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HUMPBACK WHALE – The humpback whale is one of the most active of its species as it often breaches the ocean surface. Passengers sailing around the Antarctic Peninsula and Cape Horn may see these whales slapping their fins and tails on the water’s surface. Humpback whales are most well-known for their haunting, melodious song during mating season.

FIN WHALE – The fin whale is a member of the baleen whale family. In this species, the females are slightly larger than the males. Fin whales are mostly in open ocean waters away from ice, but sometimes can be spotted in the Antarctic Peninsula in areas where the Antarctic waters mix with more temperate water. It is currently an endangered species.

ORCA – Better known as killer whales, orcas are teethed whales that feed on fish and squid, as well as seals, penguins, and smaller whales. The orca is the only whale known to breed in Antarctic waters. They are known to hunt in packs, much like wolves on land. Orcas can be found in the Antarctic Peninsula and parts of South Georgia.

SPERM WHALE – Only the male sperm whale is found in Antarctica. They often dive down to 500 meters, but some have even been known to dive as far as 3,000 meters. These teethed whales live on a healthy diet of giant squid, their staple prey.

SOUTHERN RIGHT WHALE – Southern right whales can grow up to 57 feet, weigh up to 100 tons and live for up to 80 years. Feeding primarily on krill, they enjoy shallow waters and often come up to breach the water’s surface in greeting. You can see their V-shaped spray, created by two blow holes, from a great distance.

BLUE WHALE – The biggest animal in the world living today is the Antarctic blue whale weighing up to 120 tons and growing up to 98 feet long. Even their hearts are huge, growing up to the size of a small car and pumping 10 tons of blood throughout their bodies. Although they’re actually gray, they were named blue whales because when seen through the water’s surface, they appear to glow blue.

MINKE WHALE – Minkes are the second-smallest whale species in the world and are the ones you will most likely spot on an Antarctica expedition. They are highly inquisitive and often approach boats and swim alongside them in pods of up to 20 whales.


Found near the Antarctic Convergence, where the freezing waters meet more temperate waters, hourglass dolphins are one of the few cetaceans that enjoy the cold climate of Antarctica. They’re shorter and stockier than their counterparts, with a color pattern like that of an orca. You may just spot them while they ride alongside the ship or at its bow, or swim with the whales all summer long.


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Although the frozen land and lack of moisture keep most plant life from growing in Antarctica, there are still a few types of organisms that will pique the interest of the scientific mind. Mosses and liverworts of the algae, lichen, fungi and bryophyte variety grow plenty in the Seventh Continent. That’s because these plants tend to have dormant life cycles. This means they don’t have roots, so they don’t have to take in nutrients the way other plants do to survive and thrive.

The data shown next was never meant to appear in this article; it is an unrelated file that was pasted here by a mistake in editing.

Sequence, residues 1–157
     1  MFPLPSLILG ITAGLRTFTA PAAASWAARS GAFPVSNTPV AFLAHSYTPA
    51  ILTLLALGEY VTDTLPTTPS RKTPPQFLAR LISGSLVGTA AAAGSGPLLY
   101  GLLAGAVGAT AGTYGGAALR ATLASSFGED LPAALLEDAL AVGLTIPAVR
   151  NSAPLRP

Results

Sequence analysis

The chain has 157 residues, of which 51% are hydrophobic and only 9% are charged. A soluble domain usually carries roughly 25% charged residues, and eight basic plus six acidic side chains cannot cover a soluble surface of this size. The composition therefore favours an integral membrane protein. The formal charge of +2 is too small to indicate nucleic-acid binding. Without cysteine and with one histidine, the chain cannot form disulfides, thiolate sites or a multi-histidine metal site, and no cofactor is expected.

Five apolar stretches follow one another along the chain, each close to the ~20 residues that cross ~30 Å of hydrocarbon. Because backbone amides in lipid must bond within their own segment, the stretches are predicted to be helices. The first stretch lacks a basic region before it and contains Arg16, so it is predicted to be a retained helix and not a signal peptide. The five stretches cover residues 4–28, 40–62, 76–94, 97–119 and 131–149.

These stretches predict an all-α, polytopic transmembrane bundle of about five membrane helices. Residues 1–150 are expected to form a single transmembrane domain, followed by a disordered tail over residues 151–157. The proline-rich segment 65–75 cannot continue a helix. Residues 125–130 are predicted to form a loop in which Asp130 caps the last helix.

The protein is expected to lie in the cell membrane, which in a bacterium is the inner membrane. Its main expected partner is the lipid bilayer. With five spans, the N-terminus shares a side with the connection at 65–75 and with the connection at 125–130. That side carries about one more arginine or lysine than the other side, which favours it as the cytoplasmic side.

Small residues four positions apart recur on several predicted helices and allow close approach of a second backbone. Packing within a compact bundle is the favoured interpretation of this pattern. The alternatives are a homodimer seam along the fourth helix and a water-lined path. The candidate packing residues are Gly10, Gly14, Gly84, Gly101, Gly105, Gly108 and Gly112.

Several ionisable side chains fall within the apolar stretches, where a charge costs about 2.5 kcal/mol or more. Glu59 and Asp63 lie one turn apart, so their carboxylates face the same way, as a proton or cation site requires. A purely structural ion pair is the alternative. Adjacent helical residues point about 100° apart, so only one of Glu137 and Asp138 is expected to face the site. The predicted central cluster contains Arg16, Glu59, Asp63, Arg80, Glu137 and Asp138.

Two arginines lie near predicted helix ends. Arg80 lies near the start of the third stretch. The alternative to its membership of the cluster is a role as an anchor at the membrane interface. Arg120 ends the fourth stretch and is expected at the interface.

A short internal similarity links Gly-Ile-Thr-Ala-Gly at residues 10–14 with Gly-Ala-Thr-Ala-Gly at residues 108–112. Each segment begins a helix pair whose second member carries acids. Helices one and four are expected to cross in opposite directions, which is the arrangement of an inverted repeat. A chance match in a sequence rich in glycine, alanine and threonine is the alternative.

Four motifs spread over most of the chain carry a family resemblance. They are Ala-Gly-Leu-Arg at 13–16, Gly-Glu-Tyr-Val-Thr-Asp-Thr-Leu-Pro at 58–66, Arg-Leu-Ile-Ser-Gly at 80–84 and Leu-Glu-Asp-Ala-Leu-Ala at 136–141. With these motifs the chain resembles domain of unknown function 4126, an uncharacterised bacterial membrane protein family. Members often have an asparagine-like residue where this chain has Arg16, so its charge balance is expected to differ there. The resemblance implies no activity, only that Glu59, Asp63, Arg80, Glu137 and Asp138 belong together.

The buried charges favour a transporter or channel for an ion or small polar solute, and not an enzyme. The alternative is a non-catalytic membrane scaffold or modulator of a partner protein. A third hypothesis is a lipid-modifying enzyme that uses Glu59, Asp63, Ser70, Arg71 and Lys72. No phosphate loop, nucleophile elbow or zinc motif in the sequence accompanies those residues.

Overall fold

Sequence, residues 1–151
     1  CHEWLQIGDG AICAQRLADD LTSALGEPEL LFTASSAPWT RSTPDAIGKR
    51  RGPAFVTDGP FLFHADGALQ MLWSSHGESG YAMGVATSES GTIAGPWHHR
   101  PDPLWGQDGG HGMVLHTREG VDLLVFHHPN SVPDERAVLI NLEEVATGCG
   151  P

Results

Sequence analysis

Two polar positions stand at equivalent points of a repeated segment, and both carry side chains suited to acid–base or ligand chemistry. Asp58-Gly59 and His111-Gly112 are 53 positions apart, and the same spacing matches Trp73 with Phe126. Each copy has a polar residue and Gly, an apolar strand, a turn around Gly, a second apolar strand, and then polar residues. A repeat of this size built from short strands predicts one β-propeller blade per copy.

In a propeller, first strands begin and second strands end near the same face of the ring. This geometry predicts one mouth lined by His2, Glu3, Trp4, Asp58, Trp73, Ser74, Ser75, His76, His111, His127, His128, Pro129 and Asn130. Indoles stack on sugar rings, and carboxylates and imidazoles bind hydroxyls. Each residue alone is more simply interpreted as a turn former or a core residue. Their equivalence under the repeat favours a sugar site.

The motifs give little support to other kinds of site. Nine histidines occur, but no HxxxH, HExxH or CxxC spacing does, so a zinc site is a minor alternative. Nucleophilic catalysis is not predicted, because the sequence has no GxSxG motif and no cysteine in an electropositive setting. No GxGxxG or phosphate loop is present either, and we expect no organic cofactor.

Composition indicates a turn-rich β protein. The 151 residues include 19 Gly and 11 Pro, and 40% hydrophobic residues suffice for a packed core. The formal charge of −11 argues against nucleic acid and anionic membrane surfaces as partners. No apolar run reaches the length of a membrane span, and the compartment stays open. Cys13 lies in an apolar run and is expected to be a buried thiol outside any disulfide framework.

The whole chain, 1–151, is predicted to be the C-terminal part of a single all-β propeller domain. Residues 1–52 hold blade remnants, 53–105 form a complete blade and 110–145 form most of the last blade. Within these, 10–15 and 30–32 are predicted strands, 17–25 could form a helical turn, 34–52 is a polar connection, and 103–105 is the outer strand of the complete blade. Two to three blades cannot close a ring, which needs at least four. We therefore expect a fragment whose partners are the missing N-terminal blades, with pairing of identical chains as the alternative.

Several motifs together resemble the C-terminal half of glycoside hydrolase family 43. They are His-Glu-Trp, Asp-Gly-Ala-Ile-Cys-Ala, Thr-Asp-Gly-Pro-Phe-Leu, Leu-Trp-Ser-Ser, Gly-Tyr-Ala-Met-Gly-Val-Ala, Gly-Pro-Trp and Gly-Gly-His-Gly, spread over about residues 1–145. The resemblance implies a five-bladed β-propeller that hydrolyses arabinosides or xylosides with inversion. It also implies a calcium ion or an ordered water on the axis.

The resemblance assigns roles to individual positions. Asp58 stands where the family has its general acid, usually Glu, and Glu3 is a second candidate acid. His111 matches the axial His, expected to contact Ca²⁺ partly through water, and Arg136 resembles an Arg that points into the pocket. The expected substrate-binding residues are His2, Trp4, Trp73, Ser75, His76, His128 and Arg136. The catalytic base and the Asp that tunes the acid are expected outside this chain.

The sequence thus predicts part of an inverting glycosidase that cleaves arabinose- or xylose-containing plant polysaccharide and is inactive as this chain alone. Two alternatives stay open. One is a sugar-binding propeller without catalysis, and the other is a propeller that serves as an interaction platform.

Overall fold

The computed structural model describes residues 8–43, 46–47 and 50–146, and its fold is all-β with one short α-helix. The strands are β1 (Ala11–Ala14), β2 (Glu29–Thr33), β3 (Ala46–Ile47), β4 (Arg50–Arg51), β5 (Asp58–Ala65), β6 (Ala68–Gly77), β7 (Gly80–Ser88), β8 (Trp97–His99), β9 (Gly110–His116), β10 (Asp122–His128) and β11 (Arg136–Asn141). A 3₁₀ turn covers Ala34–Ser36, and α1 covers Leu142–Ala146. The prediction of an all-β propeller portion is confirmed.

Of the lichen that lives in Antarctica, there are three types that can be found distributed throughout Maritime Antarctica and the Peninsula:

Foliose – You can identify these by their leaf-like lobes.
Crustose – These form a thin crust on the sub-surfaces on which they
Fruticose – When you see a shrubby type of plant growing, you’ve found this lichen.

There’s also snow algae, a distinct subset of the 700 terrestrial and aquatic algae varieties found in Antarctica. It grows in semi-permanent to permanent snow or ice in alpine and polar regions around the world. It’s believed that snow algae mostly appear as chlamydomonads, green algae distinguished by single cells with two flagella at their anterior ends.

Only two vascular plants can be found in the continent: Antarctic hair grass and Antarctic pearlwort. Hair grass undergoes a growth spurt in the summer and is incredibly durable, as it survives the constant trampling of the wildlife in the area. Pearlwort can be found in rocky areas, growing between the cracks of stones like tufts of weed.

The largest marine plant life found in Antarctica is kelp. Durvillaea antarctica – bull kelp – is believed to be the strongest variety in the world, with the ability to withstand the Southern Ocean’s massive seas. It has the one of the fastest growth rates among marine plant life. Kelp provides many organisms with refuge from harsh physical environments.


On South Georgia Island, you will find 26 nonnative species of vascular plants, brought there both intentionally and unintentionally by the people that passed through. These seeds were often spread by the whalers and sealers who made their stations there during the height of those practices. Since the island has milder winters than the Antarctic Peninsula and there’s a lack of predators, these plants have thrived here.

The most prevalent vegetation that has made South Georgia home is tussac grassland. Typically found in coastal regions, it’s an important habitat for nesting birds and high diversity of invertebrates.